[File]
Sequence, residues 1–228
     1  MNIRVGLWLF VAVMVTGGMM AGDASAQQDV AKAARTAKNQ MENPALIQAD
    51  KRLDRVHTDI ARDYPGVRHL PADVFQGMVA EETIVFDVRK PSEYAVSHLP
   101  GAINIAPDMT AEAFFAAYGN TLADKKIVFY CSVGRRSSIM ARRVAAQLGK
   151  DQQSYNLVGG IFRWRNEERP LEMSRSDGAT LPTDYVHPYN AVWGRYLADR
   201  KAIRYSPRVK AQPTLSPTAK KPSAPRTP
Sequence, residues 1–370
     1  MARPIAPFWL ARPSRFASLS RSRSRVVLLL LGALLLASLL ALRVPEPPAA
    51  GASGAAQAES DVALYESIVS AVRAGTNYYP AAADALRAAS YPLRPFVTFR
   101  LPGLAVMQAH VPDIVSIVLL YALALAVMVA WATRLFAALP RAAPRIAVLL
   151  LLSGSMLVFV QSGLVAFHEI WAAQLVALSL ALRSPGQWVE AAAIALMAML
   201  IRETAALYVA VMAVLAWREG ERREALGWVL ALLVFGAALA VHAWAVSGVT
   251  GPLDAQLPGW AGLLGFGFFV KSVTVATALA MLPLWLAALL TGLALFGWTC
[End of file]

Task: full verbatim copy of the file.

Sequence, residues 1–228
     1  MNIRVGLWLF VAVMVTGGMM AGDASAQQDV AKAARTAKNQ MENPALIQAD
    51  KRLDRVHTDI ARDYPGVRHL PADVFQGMVA EETIVFDVRK PSEYAVSHLP
   101  GAINIAPDMT AEAFFAAYGN TLADKKIVFY CSVGRRSSIM ARRVAAQLGK
   151  DQQSYNLVGG IFRWRNEERP LEMSRSDGAT LPTDYVHPYN AVWGRYLADR
   201  KAIRYSPRVK AQPTLSPTAK KPSAPRTP
Sequence, residues 1–370
     1  MARPIAPFWL ARPSRFASLS RSRSRVVLLL LGALLLASLL ALRVPEPPAA
    51  GASGAAQAES DVALYESIVS AVRAGTNYYP AAADALRAAS YPLRPFVTFR
   101  LPGLAVMQAH VPDIVSIVLL YALALAVMVA WATRLFAALP RAAPRIAVLL
   151  LLSGSMLVFV QSGLVAFHEI WAAQLVALSL ALRSPGQWVE AAAIALMAML
   201  IRETAALYVA VMAVLAWREG ERREALGWVL ALLVFGAALA VHAWAVSGVT
   251  GPLDAQLPGW AGLLGFGFFV KSVTVATALA MLPLWLAALL TGLALFGWTC